InfoReady Helps Customers Navigate $1 Trillion Grant Market With Search and Collaboration Software
Collaboration software for office workers isn’t new, and neither are technologies for doing refined, targeted Web searches. But Ann Arbor, MI-based InfoReady is combining those elements in a social networking-like interface to create a workflow tool that the company’s president and CEO Bhushan Kulkarni thinks will really shake things up.
“I feel that we are hitting on something that’s going to allow us to change the way that business is done in the collaboration space,” he says.
The startup spun out of Kulkarni’s Ann Arbor-based IT consulting firm GDI Infotech in March, and released its first product in June, attracting about a dozen paying customers, Kulkarni says. He thinks the market potential for his company’s product is massive, but wanted to start with a more targeted customer base and get good at that, he says. So InfoReady has selected the problem of finding government grants and other awards and putting together proposals as the first application for its software.
Between federal agencies, state agencies, and foundations, there’s about $1 trillion in grant money available every year; the problem is knowing where and what to apply for, Kulkarni says. Traditionally, those interested in grant money have had to go to individual agency and foundation websites, and by the time they gather the information on grants that are available, “there’s not enough time left to respond with a quality proposal,” Kulkarni says. So InfoReady is targeting its software to streamline the grant search and proposal process for groups such as big research universities, community colleges, public school districts, economic development agencies, and local government entities.
“It’s probably because of the environment in Michigan,” says Kulkarni of the inspiration for grants as a first market for the InfoReady software. “What became clear to us is that everybody is hungry for new sources of revenue.”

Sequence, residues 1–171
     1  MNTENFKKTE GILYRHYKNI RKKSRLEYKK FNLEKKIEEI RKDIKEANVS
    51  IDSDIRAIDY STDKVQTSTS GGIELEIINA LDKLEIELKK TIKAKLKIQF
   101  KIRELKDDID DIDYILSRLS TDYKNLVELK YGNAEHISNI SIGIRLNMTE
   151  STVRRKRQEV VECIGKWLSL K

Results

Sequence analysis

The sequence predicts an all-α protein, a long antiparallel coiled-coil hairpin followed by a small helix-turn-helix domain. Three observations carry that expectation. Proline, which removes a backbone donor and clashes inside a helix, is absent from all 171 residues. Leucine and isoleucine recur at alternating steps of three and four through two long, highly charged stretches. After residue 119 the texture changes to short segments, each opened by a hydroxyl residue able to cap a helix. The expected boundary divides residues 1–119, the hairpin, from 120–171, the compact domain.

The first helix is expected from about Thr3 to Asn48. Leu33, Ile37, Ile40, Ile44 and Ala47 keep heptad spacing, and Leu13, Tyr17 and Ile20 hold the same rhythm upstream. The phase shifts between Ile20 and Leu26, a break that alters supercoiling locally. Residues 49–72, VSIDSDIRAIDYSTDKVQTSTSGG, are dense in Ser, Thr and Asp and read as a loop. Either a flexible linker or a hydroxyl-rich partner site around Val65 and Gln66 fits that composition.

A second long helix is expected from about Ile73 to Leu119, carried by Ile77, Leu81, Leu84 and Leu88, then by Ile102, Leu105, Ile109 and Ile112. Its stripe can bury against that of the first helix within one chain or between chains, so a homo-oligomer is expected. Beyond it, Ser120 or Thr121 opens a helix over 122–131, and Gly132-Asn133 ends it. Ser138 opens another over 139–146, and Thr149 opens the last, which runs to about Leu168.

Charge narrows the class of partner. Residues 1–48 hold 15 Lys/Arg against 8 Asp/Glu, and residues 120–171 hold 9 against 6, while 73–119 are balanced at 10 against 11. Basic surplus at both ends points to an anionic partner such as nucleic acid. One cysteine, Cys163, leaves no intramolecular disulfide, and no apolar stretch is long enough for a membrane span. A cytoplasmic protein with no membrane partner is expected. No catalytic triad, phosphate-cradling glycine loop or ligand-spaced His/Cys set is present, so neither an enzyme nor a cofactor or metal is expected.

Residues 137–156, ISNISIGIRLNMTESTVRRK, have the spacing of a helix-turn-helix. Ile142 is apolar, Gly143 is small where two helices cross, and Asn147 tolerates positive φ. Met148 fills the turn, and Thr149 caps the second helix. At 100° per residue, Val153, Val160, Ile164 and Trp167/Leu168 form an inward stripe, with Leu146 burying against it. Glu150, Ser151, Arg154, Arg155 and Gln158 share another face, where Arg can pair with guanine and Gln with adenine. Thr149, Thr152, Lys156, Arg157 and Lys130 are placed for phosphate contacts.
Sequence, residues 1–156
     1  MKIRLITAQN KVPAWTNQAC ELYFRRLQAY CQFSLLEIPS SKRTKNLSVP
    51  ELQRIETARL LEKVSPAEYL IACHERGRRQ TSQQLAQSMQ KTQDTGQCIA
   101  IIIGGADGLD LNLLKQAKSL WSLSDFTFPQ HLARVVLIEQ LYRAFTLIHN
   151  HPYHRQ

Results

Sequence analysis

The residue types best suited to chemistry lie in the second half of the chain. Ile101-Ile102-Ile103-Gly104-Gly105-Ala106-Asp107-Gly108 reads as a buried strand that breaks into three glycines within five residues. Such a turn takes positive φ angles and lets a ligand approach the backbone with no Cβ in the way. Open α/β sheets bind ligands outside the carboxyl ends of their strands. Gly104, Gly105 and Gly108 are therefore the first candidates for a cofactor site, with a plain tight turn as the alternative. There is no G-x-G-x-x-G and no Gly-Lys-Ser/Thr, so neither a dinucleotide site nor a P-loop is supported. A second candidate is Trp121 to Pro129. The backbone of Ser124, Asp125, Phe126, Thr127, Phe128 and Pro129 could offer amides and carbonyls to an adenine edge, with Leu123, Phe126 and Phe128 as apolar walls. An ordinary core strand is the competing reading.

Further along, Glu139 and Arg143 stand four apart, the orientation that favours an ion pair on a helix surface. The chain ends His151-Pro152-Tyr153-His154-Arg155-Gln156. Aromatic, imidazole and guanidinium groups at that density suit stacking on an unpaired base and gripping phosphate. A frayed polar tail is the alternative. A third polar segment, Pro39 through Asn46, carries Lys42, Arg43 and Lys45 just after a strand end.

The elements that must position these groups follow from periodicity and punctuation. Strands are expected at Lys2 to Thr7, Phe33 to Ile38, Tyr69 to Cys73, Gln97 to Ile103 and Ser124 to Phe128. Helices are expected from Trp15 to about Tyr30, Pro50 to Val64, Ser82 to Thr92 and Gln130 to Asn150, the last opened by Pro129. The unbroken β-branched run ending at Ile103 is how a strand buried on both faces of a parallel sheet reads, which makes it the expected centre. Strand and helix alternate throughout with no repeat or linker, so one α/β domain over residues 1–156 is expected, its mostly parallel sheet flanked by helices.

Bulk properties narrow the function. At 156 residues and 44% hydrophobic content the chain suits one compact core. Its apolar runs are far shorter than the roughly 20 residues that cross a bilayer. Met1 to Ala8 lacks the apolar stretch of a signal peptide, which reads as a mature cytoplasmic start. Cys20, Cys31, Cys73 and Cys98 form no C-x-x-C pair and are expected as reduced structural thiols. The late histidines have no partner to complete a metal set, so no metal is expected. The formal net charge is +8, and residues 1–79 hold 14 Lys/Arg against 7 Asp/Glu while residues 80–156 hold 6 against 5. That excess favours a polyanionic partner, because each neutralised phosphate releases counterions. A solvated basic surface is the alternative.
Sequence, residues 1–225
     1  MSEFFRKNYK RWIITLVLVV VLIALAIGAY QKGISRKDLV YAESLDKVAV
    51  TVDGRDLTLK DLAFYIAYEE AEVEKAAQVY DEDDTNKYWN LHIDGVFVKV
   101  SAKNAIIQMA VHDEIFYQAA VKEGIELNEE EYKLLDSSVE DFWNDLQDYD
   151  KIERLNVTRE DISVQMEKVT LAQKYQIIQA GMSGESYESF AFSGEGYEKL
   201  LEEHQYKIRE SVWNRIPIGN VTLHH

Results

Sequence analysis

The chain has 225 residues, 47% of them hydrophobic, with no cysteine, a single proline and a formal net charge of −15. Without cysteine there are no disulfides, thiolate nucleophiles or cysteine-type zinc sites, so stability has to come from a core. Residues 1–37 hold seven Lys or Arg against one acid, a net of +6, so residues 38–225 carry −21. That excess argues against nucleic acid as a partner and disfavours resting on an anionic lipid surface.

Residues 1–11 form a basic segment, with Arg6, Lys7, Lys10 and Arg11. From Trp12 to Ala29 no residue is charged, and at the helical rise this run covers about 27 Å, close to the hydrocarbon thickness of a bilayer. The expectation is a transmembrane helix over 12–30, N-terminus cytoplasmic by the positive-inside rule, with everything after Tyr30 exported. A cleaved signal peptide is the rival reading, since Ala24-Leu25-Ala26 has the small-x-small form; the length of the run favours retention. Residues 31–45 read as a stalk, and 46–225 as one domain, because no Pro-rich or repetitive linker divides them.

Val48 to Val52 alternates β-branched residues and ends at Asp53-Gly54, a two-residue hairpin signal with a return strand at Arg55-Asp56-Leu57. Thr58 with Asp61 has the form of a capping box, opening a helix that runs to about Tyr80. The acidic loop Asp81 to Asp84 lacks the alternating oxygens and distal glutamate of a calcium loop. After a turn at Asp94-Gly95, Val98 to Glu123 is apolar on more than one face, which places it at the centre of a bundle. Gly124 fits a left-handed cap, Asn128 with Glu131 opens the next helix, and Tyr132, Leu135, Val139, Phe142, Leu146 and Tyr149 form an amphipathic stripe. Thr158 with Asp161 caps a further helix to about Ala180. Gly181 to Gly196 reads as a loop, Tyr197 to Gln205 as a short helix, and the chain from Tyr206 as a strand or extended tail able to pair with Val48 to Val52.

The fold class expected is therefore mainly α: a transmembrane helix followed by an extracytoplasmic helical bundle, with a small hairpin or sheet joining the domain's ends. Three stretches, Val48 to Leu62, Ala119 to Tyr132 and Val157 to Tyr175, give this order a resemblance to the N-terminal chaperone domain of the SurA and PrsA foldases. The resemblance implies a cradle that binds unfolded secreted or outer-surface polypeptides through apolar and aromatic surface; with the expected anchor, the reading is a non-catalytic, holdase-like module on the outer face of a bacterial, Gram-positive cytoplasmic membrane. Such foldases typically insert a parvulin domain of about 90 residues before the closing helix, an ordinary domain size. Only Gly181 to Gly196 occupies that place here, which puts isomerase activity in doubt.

InfoReady’s software platform crawls the Web for information relevant to a particular customer, and delivers notifications on available grants to their inboxes, based on their customized search criteria. It’s designed so that users can take action on that particular grant right away, by putting together a proposal. “If we’re trying to find something, chances are we want to find that information because we want to do something with it,” he says. “With most software tools out there, once you find info, there’s no easy way to collaborate.”
Rather than requiring customers to go into separate programs and documents and copy and paste relevant content, the software platform enables different users to post items on an interface similar to the wall in Facebook. The software also pulls relevant content exchanged via e-mail regarding a document directly into the InfoReady interface, so users can work within the platform they’re comfortable with. The program then strings together a cohesive report from the items users posted.
“If you’ve used LinkedIn, Facebook, Twitter, or e-mail, then you should not need any training on InfoReady,” Kulkarni says.
The InfoReady platform also keeps all the content its engine picks up, as well as that which users submit, in a resource library to enable collaborators to quickly access and reuse items in reports. It also provides tracking and analytics to monitor who performed which task.
Ultimately, the software, which is available for a monthly subscription rate per user, could serve those working in sectors such as intellectual property surveillance, healthcare, and human resources—for example, helping to bring life to the job search process, he says. “The whole matchmaking science is something that’s missing, and the collaboration around that is missing,” he says. InfoReady could also work to match investors and entrepreneurs, he says.
InfoReady has raised about $1 million in seed funding, from Ann Arbor Spark’s Michigan pre-seed fund, Automation Alley’s seed fund, First Step Fund, and angel investors including Terry Cross. The startup is also planning a quick follow-on round in the neighborhood of $2 million, Kulkarni says. The near-term focus for the 11-employee company is viral marketing and sales to really nail the grants space, he says, before going out to raise a venture capital round later next spring or summer.
“The reason I’m taking this route is the market is still very cautious,” he says. “I don’t want to paint a big picture. I want to get further along.” The firm has also introduced a second application (still in stealth mode, but in the HR space) for its software, which has already attracted some customers. And InfoReady has gotten some interest from large information management and integration software firms for strategic investments, so we’ll have to be on the lookout for what names show alongside the startup.